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The last two sentences of Code Me. R. § 90-351-004, § 2(6)(C) specify that a hearing officer has the authority to disqualify an independent medical examiner for general contacts with the industry if such contacts are not disclosed to the deputy director of dispute resolution and come to light during the hearing.
George M. Laskey suffered a work-related injury while employed by S.D. Warren in 1984. Since then, he has received partial incapacity benefits. S.D. Warren filed a petition for review in 1998, contending that Laskey's work-related incapacity had diminished or ended. At S.D. Warren's request, the Board appointed Stewart Russell as the independent medical examiner (IME). Dr. Russell opined that Laskey's 1984 injury had resolved and that his ongoing incapacity was unrelated to that incident. Subsequently, Laskey sent a letter to the Deputy Director of Medical/Rehabilitation Services of the Board contending that Dr. Russell had a conflict of interest pursuant to Me. W.C.B. Rule, ch. 4, § 2(6) (C). The Deputy Director referred the issue to the Hearing Officer. After conducting a deposition, the Hearing Officer disqualified Dr. Russell for a conflict of interest, finding that the latter had several consultantships with different Employers during the 52-week period prior to the examination for which he received payment. The employer appealed.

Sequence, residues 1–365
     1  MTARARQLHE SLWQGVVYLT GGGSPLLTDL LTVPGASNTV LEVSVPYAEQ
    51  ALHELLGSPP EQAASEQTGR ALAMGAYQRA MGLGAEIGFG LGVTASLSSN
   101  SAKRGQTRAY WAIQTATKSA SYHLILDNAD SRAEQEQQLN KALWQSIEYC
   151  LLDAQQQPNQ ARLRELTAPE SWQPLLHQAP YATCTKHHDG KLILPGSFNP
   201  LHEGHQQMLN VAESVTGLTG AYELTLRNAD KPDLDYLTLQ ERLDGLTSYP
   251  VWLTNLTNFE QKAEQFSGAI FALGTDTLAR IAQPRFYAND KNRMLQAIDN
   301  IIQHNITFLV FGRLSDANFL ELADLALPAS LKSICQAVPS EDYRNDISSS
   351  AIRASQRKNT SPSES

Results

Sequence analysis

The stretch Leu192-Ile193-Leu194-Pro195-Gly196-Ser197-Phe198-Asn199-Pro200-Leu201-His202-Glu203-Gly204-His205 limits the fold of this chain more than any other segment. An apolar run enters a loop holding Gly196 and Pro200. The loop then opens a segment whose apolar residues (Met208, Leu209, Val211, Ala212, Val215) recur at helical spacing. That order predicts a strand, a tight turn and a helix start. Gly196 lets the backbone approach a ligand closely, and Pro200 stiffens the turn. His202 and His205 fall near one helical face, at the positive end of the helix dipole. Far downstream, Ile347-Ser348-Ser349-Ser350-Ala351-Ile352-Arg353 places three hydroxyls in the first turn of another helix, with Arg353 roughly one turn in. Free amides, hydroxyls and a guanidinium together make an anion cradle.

Did the Hearing Officer err in disqualifying the IME for conflict of interest?
The decision of the hearing officer was affirmed. The court noted that under Code Me. R. § 90-351-004, § 2(6)(C), a hearing officer had the authority to disqualify an IME for general contacts with insurers, employers, and labor groups, if such contacts were not disclosed and came to light during the hearing. In the instant case, the hearing officer found that the grounds for disqualification were not known until the time of the IME's deposition. Implicit in the hearing officer's finding was a determination that the IME violated § 2(6)(C) by failing to disclose his conflict of interest in a timely manner. Thus, the state's highest court could not conclude that the hearing officer's finding of a conflict of interest on these previously undisclosed facts was clearly erroneous.